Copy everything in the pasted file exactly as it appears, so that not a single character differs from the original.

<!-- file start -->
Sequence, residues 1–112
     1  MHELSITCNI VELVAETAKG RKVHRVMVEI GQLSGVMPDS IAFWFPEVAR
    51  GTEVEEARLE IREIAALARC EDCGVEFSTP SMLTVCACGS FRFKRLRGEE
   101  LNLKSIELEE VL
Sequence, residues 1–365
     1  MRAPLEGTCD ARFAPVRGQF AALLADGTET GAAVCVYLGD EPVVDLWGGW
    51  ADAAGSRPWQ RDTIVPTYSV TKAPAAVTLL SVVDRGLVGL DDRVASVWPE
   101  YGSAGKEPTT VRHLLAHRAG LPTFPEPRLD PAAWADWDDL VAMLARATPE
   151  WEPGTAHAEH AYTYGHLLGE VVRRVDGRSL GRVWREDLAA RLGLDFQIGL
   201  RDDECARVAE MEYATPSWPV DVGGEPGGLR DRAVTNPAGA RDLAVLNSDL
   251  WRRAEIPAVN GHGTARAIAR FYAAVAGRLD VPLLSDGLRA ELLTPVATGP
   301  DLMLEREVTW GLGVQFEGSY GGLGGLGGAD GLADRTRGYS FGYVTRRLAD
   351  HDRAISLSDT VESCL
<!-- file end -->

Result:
Sequence, residues 1–112
     1  MHELSITCNI VELVAETAKG RKVHRVMVEI GQLSGVMPDS IAFWFPEVAR
    51  GTEVEEARLE IREIAALARC EDCGVEFSTP SMLTVCACGS FRFKRLRGEE
   101  LNLKSIELEE VL
Sequence, residues 1–365
     1  MRAPLEGTCD ARFAPVRGQF AALLADGTET GAAVCVYLGD EPVVDLWGGW
    51  ADAAGSRPWQ RDTIVPTYSV TKAPAAVTLL SVVDRGLVGL DDRVASVWPE
   101  YGSAGKEPTT VRHLLAHRAG LPTFPEPRLD PAAWADWDDL VAMLARATPE
   151  WEPGTAHAEH AYTYGHLLGE VVRRVDGRSL GRVWREDLAA RLGLDFQIGL
   201  RDDECARVAE MEYATPSWPV DVGGEPGGLR DRAVTNPAGA RDLAVLNSDL
   251  WRRAEIPAVN GHGTARAIAR FYAAVAGRLD VPLLSDGLRA ELLTPVATGP
   301  DLMLEREVTW GLGVQFEGSY GGLGGLGGAD GLADRTRGYS FGYVTRRLAD
   351  HDRAISLSDT VESCL